There can be no doubt that the rebirth of the cocktail in America could not have happened so quickly without the Internet. The number of ways in which the cocktail has benefited from digital life are almost too numerous to list; online forums have helped connect mixologists with each other, with old and rare books, with equipment and rare spirits. But one new bar in Los Angeles has taken the concept a step further, owing its entire existence to the virtual world. Ready2Pour a cocktail catering business-bar is, as described by founder Steve Fowler, “as much a social media experiment as it is a mixology project.”
Creating a ‘bar for hire’
The grass-roots Ready2Pour — composed of Fowler John Carlo and Peter Birmingham — is, in their own words, a “bar for hire” based in Venice, Calif. The concept and execution defies a simple explanation. In short, there are a few pieces to the puzzle. One is modern-day creative, gourmet mixology. Another is the bar catering concept, as exemplified by such outfits as Cuff and Buttons in New York and Rye on the Road in San Francisco. And, finally, the virtual Ready2Pour becomes reality when it takes over the Santa Monica bar Main on Main on Monday and Tuesday nights, where the group sells its wares to the tune of hundreds of guests a week.
And the team has done this with no investment, using only free services on the Internet. The idea came to Fowler, who works as a social media consultant, after a conversation with three chef friends who wanted to open a restaurant together, but were despairing because they had no backers, no space, no capital. “Why don’t you open a restaurant on the Internet?” Fowler told them.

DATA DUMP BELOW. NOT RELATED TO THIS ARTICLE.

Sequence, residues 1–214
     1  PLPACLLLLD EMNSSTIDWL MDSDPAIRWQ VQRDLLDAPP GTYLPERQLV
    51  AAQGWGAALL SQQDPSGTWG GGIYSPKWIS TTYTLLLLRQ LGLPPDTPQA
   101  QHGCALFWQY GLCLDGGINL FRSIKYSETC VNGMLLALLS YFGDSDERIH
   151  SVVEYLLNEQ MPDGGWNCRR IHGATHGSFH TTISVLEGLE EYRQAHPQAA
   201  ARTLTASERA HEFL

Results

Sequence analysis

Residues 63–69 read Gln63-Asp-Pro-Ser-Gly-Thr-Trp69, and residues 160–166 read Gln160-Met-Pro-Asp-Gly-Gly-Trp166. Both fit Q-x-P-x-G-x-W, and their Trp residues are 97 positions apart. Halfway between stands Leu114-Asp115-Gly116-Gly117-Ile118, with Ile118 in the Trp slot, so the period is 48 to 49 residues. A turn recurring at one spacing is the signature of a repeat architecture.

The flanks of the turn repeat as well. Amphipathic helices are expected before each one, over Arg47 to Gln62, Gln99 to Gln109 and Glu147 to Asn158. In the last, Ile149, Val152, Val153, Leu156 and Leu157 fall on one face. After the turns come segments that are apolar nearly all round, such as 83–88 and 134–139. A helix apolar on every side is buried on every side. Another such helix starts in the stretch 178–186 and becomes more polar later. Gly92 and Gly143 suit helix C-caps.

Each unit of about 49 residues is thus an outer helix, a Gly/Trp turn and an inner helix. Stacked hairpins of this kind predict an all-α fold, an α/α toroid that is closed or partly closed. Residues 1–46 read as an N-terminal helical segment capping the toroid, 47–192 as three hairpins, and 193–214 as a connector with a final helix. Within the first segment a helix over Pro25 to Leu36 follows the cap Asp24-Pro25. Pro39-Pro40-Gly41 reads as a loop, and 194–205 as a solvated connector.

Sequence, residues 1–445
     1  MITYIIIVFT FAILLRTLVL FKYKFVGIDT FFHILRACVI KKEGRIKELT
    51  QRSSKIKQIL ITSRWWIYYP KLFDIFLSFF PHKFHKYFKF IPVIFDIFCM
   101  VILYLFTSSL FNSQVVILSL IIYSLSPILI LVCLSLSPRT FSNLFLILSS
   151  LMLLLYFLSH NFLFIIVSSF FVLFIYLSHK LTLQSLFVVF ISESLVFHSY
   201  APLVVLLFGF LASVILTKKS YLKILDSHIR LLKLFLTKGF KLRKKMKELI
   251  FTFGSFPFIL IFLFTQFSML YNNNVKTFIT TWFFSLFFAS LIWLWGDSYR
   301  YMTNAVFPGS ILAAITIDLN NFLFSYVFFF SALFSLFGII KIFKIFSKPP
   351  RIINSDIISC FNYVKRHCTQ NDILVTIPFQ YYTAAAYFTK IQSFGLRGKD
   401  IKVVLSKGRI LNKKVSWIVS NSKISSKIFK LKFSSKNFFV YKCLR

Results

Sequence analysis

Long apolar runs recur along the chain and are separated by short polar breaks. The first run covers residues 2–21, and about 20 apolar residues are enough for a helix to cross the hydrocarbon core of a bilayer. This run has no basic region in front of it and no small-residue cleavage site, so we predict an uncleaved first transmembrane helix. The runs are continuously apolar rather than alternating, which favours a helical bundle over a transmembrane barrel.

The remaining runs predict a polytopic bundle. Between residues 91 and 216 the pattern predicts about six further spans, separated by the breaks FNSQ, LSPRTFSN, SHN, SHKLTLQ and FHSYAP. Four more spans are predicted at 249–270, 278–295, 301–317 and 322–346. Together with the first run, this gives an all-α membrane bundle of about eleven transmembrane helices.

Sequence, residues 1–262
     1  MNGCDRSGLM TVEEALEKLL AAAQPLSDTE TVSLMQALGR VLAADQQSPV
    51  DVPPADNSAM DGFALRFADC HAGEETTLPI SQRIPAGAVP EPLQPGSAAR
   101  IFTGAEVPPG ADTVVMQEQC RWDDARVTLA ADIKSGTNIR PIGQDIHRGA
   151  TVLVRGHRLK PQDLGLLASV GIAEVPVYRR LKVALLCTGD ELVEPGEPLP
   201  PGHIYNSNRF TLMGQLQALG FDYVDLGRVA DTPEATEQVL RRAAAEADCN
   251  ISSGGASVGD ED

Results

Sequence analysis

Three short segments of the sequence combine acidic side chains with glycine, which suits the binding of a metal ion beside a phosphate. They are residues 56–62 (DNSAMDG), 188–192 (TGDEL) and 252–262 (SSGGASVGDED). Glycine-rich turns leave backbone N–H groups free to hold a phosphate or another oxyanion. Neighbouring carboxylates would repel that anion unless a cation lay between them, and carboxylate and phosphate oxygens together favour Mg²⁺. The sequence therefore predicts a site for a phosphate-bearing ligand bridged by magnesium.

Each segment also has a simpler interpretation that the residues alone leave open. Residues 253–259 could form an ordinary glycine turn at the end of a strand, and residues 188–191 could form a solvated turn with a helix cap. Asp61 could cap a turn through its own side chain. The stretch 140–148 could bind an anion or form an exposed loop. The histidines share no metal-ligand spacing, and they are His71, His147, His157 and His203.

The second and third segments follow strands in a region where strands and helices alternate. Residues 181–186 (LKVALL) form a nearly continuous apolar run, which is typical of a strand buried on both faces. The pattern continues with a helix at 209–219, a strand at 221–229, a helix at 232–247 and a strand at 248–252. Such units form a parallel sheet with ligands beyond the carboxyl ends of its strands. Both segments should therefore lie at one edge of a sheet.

He suggested they start throwing dinners in other restaurants on nights when those places were closed and developing a base of interested potential clients online. The chefs followed his advice, starting the Supper Liberation Front, which, according to Fowler, has been “wildly successful.” He believes that within another year, that group will have “the revenue, the restaurant data, a built-in customer base and all the other things that would bear on a finance discussion.” Then the idea occurred to him: Why not start a bar?
Harnissing the power of the web
Using sites like Facebook, Twitter, and Youtube, Ready2Pour has created an identity and amassed a following (their Facebook group numbers almost 500 people). “I started saying to myself,” recalls Fowler, ” ‘well, I’m going to do it. I’m going to create a bar without a bar on the Internet.’ We’re not professional chefs, we’re not mixologists. We don’t pose as that. We’re just food and wine lovers who love a good cocktail and thought we’d share what we do at home.”
Though Fowler and his compadres deny they’re mixologists, the quality and style of their cocktails belies that claim. Consider the Duero Gringo, a Bourbon-based drink featuring homemade ginger-orange jelly, lemon juice and cava, and Maker’s Mark. Or the Anastasia, a farmers market-driven spin on the margarita with fresh pineapple, red Fresno peppers and sage. The guys also try to keep up a local and national conversation about what’s going on in the world of drink, linking to articles and events all over. “We’re an aggregator of information that we would imagine people coming into our world would appreciate knowing. It’s all there for people, so they don’t have to search — they can just go to our wall.”
At Main on Main, they use a laptop to project their cocktail menu, pictures of past events, wines by the glass as well as some stylish video “recipes” they’ve shot for their individual cocktails onto a big television screen. Live music is being incorporated once a week too. “We’re just now becoming popular,” says Fowler. “More and more people from the neighborhood are cluing into what we’re doing.” He believes that Ready2Pour’s events will continue to expand, turning what was once solely made of bits and bytes into audible, tastable sips and slurps.
Jordan Mackayis the wine and spirits editor for San Francisco’s metropolitan magazine 7×7 and writes The Juice column for Chow. In addition, he’s a contributing writer for Wine and Spirits magazine and a regular contributor to Decanter and the San Francisco Chronicle.
Photo: Ready2Pour founder Steve Fowler. Credit: Kari Miller.